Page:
When there is a lot of tooth structure missing, Dr. Bruce will often use an inlay or an onlay to restore your tooth.
What are inlays and onlays?
Inlays and onlays differ from ordinary fillings in that they are made in a dental laboratory. That means that the dentist and dental technician have more complete control of the shape of the filling, and the filling can be made out of cast gold or fired porcelain, which are both extremely durable materials.
An inlay sits inside the tooth and is very similar to a filling.
An onlay covers most or all of the chewing surface of your tooth. It is similar to a dental crown. A dental crown, however, will cover all of the tooth. An onlay will only cover the weakened or broken parts of the tooth, so it is a more conservative restoration.
In recent years, gold is being used less and less and porcelain has become more popular.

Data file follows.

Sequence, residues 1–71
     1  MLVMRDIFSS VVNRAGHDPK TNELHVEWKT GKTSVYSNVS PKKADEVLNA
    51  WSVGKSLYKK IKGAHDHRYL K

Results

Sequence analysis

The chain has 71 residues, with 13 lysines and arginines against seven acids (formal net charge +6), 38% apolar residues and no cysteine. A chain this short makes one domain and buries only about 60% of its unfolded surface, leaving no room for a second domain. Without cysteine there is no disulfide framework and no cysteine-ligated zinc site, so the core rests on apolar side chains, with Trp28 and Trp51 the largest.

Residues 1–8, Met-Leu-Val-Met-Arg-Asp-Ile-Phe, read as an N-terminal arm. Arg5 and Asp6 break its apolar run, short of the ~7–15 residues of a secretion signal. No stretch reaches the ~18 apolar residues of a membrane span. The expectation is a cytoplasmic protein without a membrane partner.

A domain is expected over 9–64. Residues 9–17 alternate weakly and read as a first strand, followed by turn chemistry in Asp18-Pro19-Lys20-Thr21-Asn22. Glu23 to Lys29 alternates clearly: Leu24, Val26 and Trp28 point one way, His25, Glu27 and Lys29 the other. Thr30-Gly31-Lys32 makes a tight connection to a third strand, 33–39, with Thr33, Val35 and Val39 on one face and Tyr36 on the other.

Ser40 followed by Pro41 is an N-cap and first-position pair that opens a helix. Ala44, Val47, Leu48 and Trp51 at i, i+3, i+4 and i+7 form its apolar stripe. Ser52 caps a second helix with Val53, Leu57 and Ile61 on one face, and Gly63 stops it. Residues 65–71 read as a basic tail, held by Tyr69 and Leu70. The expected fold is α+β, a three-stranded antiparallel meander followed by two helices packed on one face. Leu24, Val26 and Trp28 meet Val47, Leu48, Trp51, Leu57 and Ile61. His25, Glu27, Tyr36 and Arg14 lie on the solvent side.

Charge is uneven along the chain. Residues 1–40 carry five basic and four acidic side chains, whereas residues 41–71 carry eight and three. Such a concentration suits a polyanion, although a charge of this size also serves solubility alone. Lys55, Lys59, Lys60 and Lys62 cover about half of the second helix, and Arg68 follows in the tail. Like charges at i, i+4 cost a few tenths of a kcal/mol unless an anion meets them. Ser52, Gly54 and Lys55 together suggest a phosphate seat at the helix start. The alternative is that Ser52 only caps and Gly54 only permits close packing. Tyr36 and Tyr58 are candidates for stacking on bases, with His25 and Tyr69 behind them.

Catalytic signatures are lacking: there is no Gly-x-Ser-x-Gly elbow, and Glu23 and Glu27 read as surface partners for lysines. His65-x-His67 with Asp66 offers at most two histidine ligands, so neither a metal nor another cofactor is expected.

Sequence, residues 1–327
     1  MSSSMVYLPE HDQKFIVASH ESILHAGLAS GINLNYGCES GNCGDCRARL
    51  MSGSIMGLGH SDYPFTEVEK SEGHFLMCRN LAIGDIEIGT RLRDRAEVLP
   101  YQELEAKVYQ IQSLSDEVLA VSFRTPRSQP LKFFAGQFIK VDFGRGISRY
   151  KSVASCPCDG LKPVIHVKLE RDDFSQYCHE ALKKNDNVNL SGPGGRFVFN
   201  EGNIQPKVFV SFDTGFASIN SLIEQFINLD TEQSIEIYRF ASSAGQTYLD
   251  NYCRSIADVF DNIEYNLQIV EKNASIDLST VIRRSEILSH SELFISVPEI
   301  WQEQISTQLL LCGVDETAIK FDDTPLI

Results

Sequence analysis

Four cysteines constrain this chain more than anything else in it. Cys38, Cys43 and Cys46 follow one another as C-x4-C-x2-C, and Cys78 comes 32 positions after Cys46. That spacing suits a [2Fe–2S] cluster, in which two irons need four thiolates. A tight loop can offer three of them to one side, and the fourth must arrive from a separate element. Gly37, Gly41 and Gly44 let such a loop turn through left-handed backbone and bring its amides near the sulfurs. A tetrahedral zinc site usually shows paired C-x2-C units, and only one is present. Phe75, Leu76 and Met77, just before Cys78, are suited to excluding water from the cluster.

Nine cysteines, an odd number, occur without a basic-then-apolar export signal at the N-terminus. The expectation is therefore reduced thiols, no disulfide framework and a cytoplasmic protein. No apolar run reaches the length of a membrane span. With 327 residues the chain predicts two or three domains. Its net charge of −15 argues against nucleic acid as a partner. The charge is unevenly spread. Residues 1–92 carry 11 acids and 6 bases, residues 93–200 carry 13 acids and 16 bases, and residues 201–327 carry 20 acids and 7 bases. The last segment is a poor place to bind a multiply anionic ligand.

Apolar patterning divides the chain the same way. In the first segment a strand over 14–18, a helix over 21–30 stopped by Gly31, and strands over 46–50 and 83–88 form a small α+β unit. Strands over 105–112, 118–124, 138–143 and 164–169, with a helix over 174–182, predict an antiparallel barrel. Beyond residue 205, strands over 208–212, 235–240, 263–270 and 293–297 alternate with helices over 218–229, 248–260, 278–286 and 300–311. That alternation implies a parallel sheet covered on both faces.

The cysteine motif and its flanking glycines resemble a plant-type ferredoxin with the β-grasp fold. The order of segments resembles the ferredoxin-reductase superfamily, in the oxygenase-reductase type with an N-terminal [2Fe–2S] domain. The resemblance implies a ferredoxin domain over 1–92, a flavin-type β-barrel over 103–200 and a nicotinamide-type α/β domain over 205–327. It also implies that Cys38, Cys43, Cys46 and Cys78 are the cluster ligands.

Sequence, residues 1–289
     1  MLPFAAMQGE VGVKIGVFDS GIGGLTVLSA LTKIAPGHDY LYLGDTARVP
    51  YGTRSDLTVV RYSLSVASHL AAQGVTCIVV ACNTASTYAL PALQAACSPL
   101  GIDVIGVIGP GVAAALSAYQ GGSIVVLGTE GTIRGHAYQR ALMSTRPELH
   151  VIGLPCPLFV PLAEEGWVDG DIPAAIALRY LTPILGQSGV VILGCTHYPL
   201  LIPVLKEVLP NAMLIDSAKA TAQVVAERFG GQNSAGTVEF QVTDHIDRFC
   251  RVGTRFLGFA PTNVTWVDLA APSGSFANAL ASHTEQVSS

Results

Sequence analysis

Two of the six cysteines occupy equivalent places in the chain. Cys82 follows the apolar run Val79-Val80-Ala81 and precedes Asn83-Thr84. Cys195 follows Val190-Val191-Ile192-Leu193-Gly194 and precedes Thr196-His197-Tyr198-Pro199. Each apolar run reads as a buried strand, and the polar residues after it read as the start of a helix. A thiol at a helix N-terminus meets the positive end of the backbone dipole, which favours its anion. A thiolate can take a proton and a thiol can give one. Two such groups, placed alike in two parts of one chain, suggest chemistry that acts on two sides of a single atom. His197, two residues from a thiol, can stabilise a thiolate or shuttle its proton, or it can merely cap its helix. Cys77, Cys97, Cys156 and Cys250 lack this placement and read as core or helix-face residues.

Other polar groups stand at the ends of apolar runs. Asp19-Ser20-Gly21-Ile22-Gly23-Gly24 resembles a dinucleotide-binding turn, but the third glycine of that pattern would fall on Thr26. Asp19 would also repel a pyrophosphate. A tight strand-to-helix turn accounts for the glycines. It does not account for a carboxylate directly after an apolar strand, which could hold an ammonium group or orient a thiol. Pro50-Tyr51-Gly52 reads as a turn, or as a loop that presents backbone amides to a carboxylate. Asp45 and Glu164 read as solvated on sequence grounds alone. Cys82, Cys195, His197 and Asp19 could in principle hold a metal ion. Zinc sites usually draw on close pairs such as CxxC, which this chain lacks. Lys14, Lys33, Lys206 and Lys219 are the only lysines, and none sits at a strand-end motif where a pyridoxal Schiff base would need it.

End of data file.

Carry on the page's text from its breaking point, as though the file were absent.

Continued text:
How are they applied?
Inlays and onlays require two appointments. In the first appointment, the tooth is prepared, an impression is taken, and a temporary filling is placed. The impression is sent to a dental laboratory technician who fabricates the restoration. At the second appointment, Dr. Bruce removes the temporary filling and then fits the onlay. If the fit is correct, he will then bond the inlay or onlay to the tooth.
Inlays and Onlays compared to fillings
Traditional silver/mercury amalgam fillings can reduce the strength of a tooth up to 50 percent. A bonded inlay or onlay will actually increase the strength of your tooth, thus protecting it from breakage. Expect this type of restoration to last from 10 to 30 years.